New £5.8m tree lab sends distress to the public to report pests | trees and forests

The public is urged to watch for any signs of disease in local trees, as the UK launches a £5.8m high-tech tree laboratory to combat the spread of pests and diseases.

The UK is particularly vulnerable to the increased spread of plant pathogens due to its warmer, wetter winters, and because it is a center of global trade. The new research lab is set to tackle these threats by clamping down on pests in the UK and abroad, including the oak moth, the emerald ash borer and the long-horned citrus beetle.

The Holt Forest Research Laboratory in Surrey – a key part of the new Center for Forest Conservation – will be able to analyze and investigate disease reports faster and more comprehensively than ever before. The public can report views via the Tree Alert website, and a specialist will come and look at the tree, or send in samples for further testing.

“The public is our eyes and ears on the ground,” said Gerard Clover, chief of tree health at Forest Research, part of the Forestry Commission. “It is indebted to all of us to play our part in reporting unusual pests and diseases and unusual signs and symptoms.”

More than 3,700 reports were recorded from the public between April 2021 and March 2022, a 25% increase over the previous year. “We expect this to grow as public awareness increases. When people report things, it will enable us to respond and diagnose these things in a timely manner,” Clover said. “This represents a real change in our ability and capabilities. It is a very important investment.”

As part of the project, a mobile field lab — a truck with a small lab inside — will roam across the country running on-site tests, meaning the disease can be diagnosed more quickly. Helicopters are already scanning the forests from above.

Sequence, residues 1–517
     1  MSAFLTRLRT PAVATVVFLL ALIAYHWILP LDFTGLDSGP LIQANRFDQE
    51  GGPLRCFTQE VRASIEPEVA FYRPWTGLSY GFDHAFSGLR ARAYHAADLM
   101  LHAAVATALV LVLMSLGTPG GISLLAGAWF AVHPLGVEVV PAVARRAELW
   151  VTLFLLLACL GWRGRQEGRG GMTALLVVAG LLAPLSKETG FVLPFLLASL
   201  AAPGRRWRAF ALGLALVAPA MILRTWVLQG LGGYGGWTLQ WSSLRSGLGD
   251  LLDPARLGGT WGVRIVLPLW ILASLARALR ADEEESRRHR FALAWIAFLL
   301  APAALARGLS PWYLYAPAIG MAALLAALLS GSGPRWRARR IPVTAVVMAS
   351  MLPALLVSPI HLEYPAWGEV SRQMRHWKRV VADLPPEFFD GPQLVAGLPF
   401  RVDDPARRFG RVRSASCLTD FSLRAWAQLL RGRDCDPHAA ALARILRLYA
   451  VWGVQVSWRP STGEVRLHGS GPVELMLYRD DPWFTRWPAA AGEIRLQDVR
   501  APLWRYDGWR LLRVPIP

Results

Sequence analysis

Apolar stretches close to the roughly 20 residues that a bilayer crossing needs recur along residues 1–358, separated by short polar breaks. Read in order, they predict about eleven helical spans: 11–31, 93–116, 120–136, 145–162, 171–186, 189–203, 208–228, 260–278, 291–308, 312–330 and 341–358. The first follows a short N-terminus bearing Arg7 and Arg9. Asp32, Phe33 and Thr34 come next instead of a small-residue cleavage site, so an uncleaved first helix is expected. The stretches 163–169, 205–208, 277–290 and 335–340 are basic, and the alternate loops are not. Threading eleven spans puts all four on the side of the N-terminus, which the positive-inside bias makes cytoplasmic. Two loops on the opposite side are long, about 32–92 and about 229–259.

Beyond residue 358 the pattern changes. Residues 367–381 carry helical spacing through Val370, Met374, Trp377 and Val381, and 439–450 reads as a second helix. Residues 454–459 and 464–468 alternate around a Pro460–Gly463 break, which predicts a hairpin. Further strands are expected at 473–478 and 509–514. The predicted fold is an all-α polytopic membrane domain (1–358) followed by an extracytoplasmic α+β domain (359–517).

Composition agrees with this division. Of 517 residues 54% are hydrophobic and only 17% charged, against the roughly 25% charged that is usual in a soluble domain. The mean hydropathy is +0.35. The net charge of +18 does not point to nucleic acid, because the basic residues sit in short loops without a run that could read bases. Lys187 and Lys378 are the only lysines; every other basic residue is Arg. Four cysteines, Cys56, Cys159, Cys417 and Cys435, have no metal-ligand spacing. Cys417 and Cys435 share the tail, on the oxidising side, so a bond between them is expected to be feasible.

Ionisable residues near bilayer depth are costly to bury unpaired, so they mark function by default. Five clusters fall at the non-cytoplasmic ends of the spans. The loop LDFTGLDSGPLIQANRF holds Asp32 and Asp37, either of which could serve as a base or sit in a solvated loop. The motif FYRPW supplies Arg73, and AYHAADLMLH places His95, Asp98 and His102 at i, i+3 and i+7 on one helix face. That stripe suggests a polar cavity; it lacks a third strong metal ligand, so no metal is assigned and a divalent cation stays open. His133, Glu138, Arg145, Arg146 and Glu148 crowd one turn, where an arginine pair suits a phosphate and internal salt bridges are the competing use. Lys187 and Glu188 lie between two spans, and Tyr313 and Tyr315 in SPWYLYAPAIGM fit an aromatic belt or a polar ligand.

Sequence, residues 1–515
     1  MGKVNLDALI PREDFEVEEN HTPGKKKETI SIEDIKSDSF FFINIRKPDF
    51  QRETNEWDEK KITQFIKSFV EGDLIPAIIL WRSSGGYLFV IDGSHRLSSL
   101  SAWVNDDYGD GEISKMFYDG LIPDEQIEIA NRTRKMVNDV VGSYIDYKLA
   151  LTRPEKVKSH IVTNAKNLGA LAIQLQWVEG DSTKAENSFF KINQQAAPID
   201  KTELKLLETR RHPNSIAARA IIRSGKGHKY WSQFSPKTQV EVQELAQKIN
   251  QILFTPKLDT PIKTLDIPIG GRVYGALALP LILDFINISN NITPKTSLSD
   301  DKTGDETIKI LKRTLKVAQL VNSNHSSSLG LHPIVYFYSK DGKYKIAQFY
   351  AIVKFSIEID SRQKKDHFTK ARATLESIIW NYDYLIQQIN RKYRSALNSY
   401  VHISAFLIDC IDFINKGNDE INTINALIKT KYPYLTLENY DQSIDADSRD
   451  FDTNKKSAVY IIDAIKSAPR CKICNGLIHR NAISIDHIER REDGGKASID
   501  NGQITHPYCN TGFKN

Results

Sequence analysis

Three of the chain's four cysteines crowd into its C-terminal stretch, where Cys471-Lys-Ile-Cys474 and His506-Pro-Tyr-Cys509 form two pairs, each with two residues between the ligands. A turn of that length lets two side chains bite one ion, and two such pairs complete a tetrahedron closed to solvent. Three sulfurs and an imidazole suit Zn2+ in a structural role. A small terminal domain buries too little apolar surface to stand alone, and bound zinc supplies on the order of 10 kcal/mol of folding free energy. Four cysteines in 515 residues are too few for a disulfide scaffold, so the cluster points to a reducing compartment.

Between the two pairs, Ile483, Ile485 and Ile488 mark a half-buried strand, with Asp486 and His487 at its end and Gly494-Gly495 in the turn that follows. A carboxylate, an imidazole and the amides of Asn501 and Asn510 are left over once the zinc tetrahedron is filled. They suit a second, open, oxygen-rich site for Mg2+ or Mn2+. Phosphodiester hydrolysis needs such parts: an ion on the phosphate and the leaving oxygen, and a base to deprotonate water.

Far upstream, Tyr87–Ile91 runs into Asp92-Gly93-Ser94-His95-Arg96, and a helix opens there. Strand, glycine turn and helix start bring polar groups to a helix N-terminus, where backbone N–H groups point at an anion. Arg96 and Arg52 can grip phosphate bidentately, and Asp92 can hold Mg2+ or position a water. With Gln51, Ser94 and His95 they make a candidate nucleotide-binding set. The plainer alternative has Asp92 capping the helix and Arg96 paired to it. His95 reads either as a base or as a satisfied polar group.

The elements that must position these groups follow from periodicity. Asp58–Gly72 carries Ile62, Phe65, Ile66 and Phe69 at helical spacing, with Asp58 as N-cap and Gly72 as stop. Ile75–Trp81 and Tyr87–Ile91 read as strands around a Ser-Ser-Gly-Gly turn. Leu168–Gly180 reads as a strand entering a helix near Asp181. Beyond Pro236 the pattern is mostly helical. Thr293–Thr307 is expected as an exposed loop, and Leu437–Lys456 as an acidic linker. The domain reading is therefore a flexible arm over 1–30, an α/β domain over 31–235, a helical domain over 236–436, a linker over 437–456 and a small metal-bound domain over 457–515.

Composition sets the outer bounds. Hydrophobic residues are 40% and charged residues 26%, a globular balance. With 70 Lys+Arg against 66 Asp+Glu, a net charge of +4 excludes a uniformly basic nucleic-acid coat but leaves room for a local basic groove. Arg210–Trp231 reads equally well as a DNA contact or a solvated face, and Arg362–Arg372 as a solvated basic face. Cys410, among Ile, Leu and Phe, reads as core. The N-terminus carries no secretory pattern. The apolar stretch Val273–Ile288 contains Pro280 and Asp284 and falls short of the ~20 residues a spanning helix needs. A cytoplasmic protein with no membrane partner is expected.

Projects include studying the risks to UK forestry from non-native trees and the pine wood nematode pest, as well as researching alternatives to ‘lost’ tree species.

Last year, a Woodland Trust report found that only 7% of the UK’s indigenous forests were in good condition, with imported pests and diseases one of the main threats, along with destruction through development, the impact of the climate crisis and pollution. In the past 30 years, the UK has seen the arrival of more than 20 serious tree pests and diseases.

Holt’s lab will be able to provide a quick and comprehensive analysis of tree diseases. Photo: Courtesy of the Forestry Authority

Sir William Worsley, Chair of the Forestry Commission, said: “We take the whole issue of tree health really seriously. The participants are first class and this gives me confidence that we are at the top of the game. She understands risk management and then takes appropriate action in a hurry.”

The National Trust cut down at least 30,000 ash trees last year as a result of death, with warnings of a “catastrophic” increase in disease due to the climate crisis. Ash death – spread by fungal spores – is among the diseases that experts can do little to contain once it spreads.

The researchers will collaborate with institutions abroad, including in France, Portugal, Italy and Canada. An emergency law was introduced to ban the import of timber from certain regions of France and Italy after the discovery of the pine moth.

Five to 10 pests are added to the UK’s plant health risk register every month, according to Professor Nicola Spence, UK’s chief plant health officer, making it very difficult to reduce disease overall. An increase in storms also damages trees and makes them more susceptible to infection. “We can’t speculate on the course and potential risks,” Spence said. “Of course climate change also exacerbates that because things are moving outside their historical range.”